The COVID-19 pandemic has significantly hit Indonesia’s economy, causing restriction of business activities, decline of production and other potential long-term effects. Millions of workers have been forcibly laid off, without severance pay and with no guarantee of getting new jobs after the pandemic ends. The impact of income loss is asymmetrical among workers, posing a new challenge for the Government of Indonesia to find a just and fair solution for all. The government has pledged to give incentives for workers that have been laid-off by accelerating the implementation of the pre-employment card (Kartu Pra-Kerja) which was initially planned to be launched in the last half of 2020. This article will answer the question of how effective a pre-employment card is and if it guarantees the right to employment security.
The pre-employment card was launched based on Presidential Regulation No. 36 of 2020, providing programs to improve the competency of job seekers, laid-off workers, and workers in need of competency improvement. These training programs involve digital platforms, and existing state-owned or private-owned training centres are obliged to collaborate with designated digital platforms. People wishing to enrol in the program must register themselves through the website (prakerja.go.id) and their application will be assessed by related authorities. Once selected, they will be given a sum of money to pay for the training. Upon finishing the training, participants will receive certificate and incentives.
However, this program has come under scrutiny from the public, starting with a lack of transparency on how the government appoints certain digital platforms to conduct the training programs; raising concerns of how such appointments may not be in adherence to existing procedures. Criticisms also occur due to the availability of such training programs for free on online channels, including YouTube, raising allegations of wasted budget utilization with funds ending up in the pockets of digital companies appointed by the government. However, the most crucial point is that this program does not necessarily ensure employment security for Indonesians, especially after the pandemic.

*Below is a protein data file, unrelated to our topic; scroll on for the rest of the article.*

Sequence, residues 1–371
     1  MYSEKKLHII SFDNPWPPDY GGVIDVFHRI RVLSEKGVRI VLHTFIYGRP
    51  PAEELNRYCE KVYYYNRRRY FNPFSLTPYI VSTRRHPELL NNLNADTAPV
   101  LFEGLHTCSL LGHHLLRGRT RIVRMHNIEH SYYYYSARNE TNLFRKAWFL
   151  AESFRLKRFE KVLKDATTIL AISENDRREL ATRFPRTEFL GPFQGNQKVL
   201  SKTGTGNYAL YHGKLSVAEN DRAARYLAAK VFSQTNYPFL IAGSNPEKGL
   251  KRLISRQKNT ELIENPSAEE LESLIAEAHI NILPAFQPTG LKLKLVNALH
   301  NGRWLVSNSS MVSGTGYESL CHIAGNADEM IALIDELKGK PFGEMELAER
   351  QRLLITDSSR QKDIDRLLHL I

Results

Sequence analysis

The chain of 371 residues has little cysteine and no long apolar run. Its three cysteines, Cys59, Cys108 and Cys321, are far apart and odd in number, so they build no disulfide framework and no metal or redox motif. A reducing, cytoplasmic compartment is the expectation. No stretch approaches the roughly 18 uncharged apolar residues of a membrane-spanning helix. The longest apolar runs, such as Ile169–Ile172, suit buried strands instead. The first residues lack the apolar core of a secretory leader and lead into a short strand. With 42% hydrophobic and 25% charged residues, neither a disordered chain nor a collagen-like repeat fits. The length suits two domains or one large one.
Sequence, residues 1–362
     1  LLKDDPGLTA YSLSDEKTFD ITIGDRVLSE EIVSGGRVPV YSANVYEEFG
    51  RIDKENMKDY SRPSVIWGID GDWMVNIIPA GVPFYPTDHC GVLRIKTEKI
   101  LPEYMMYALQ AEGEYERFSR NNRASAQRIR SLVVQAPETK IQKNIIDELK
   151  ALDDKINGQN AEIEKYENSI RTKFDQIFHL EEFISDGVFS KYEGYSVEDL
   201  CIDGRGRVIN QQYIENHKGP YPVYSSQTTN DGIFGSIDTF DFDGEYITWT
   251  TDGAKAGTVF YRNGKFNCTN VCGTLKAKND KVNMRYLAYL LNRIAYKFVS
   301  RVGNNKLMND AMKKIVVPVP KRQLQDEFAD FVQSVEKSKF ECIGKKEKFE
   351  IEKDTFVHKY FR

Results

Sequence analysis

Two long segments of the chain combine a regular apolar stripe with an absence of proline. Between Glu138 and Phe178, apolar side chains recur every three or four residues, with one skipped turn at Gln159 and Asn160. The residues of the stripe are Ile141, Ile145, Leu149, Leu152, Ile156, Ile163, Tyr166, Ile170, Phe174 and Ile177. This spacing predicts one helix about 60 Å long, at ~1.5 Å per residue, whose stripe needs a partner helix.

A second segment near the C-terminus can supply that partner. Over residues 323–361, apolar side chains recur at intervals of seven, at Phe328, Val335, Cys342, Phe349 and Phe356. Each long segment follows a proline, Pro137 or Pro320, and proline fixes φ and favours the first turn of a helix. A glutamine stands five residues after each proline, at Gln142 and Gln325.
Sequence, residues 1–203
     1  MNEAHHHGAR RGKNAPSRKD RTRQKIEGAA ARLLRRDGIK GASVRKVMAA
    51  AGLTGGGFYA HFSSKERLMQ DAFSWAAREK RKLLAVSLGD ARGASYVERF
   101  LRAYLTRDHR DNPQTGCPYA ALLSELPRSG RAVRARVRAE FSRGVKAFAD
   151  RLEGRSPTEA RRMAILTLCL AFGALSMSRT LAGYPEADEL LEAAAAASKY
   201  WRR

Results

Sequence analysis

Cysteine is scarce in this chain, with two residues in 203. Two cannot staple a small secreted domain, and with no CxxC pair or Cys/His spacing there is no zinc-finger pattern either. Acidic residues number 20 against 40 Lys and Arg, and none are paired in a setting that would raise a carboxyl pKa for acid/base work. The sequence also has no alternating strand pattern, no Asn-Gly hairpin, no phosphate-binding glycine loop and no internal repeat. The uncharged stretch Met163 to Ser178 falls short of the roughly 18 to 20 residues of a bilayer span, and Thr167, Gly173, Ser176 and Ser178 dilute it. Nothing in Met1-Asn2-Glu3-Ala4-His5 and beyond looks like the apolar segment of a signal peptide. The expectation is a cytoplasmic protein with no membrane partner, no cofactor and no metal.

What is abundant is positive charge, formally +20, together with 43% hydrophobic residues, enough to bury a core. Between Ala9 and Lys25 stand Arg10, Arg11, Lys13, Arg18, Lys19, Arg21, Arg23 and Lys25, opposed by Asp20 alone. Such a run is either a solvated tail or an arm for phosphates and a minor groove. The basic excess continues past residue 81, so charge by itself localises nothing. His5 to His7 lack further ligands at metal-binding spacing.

Employment security refers to “the protection of workers against fluctuations in earned income as a result of job loss, which occurs during economic downturns, as part of restructuring, or be related to other various reasons for dismissals” as defined by the International Labor Organization (ILO). A different notion was made by the European Commission (EC), referring to employability and job-to-job transitions of individuals, which include investments in training to boost employability of individuals, income support through unemployment benefits, and appropriate activation strategy to facilitate transitions into employment and boost career development. Both concepts relate to the protection of individuals against job losses, while also enhancing the probability of individuals gaining an income through paid work in the future if job losses are inevitable.
Since the idea of a pre-employment card was delivered by President Joko Widodo, various experts have stated that training would not automatically provide jobs for workers if the skills do not match available job opportunities. Aside from that, other matters should also be considered, such as whether available job opportunities will generate income and additional benefits to support decent living standards and well-being of workers, according to international human rights standards.